As utopian as he is, even Robinson is aware that, at best, we can only hope to mitigate climate change and adapt to it, and there’s a real possibility that humanity won’t get its act together to solve core problems. In his recent novel 2312 (2012), he offered a vision of the next 300 years in which parts of humanity build wondrous space colonies (some go body surfing on the rings of Saturn) while the home planet languishes in environmental degradation. As Robinson explained to The Coode Street Podcast in 2011, “The Earth could be quite a jungly planet with a much higher sea level, and it does not necessarily mean that we couldn’t inhabit space because our technological powers are growing so fast. One of the few things we won’t be able to do is save the Earth from this next century’s warming, that may be beyond us. But other terraforming projects where you can slam comets into the planet might be possible.” To paraphrase Jameson once again, the lesson of 2312 is that it is easier to terraform Venus than to reach an international climate accord. Even the most splendid utopian imagination has its limits.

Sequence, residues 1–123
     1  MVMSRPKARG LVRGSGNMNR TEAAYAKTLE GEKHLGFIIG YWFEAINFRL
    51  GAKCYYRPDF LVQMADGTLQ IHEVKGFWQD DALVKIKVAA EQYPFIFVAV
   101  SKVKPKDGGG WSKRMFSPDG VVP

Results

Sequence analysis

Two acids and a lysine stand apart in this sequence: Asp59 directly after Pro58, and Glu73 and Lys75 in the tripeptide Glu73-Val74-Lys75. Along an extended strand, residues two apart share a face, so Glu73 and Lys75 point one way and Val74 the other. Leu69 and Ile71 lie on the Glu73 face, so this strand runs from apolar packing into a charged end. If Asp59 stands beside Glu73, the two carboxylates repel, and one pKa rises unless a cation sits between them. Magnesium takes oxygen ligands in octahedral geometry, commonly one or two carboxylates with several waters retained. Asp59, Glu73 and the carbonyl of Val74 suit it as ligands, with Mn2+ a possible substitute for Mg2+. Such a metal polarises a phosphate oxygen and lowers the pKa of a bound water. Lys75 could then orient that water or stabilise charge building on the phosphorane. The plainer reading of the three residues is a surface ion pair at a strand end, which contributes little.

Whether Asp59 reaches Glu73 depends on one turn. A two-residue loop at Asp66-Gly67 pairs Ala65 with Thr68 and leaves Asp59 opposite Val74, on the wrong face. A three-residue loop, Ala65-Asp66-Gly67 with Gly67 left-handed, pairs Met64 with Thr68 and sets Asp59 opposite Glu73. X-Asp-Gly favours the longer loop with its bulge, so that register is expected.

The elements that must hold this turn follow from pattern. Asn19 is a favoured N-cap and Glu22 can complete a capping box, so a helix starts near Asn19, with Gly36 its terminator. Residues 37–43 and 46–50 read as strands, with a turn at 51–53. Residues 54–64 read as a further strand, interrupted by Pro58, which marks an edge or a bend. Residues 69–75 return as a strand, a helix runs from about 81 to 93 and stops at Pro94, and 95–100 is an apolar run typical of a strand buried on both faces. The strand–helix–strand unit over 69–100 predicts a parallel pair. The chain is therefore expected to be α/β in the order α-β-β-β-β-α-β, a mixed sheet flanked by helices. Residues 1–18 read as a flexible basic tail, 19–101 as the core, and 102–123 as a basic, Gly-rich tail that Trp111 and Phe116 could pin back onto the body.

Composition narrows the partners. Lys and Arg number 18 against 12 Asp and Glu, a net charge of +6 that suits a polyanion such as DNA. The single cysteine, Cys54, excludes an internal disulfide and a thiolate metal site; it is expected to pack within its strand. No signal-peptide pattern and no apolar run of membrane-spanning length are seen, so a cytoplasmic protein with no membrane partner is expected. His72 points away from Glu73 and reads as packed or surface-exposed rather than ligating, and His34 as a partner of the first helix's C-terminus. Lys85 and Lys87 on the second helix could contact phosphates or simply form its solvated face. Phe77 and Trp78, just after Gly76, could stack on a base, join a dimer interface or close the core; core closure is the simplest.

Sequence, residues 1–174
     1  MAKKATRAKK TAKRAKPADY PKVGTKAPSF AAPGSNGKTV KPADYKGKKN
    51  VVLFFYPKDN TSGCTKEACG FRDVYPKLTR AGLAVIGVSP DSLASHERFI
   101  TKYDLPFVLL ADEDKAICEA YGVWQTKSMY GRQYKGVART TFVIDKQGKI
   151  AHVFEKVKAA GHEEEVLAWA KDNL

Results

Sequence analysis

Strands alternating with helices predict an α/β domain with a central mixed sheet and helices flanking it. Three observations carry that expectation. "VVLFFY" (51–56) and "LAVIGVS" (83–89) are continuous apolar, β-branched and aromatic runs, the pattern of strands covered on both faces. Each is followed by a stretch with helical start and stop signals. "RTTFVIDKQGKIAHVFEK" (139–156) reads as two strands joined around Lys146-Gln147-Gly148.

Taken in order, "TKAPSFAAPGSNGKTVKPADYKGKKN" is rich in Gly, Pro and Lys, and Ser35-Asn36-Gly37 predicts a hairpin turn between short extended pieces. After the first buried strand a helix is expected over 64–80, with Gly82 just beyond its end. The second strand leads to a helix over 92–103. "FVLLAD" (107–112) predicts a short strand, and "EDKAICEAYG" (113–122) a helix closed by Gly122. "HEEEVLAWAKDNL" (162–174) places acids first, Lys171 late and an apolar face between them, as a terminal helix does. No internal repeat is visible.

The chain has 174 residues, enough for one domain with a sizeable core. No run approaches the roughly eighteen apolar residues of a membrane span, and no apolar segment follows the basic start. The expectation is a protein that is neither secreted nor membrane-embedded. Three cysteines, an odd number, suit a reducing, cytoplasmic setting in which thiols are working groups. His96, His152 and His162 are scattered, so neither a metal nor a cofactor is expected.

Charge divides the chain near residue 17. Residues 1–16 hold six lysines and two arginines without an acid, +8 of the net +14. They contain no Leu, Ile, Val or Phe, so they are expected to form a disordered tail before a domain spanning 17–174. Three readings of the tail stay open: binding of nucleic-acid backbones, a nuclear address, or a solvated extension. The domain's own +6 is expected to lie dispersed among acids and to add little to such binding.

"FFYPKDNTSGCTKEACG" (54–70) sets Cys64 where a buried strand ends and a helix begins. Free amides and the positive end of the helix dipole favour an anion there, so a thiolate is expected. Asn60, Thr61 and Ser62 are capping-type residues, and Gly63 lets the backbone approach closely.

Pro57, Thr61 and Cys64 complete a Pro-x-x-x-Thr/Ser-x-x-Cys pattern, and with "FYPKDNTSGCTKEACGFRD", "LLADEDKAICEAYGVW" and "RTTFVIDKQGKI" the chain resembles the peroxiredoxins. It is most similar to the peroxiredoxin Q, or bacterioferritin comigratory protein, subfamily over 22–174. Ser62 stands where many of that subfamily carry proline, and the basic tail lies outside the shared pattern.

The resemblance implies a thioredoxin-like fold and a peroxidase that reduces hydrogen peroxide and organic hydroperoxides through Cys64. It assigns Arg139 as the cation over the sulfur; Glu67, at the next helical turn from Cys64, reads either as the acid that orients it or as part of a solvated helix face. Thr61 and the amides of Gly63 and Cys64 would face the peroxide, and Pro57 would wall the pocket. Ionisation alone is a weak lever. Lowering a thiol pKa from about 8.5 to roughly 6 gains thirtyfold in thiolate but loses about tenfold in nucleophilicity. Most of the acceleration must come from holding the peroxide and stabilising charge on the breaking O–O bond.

Robinson’s attempt to keep the flame of Utopia alive in a despairing era has made him a lonely figure. But suddenly, in the last few years, a new literary genre has emerged that hopes to revive ecological utopianism. Rallying under the banner “solarpunk,” a ragtag band of freelance futurists and science fiction writers have argued that we have an obligation to imagine positive futures where plausible technologies give us practical green solutions.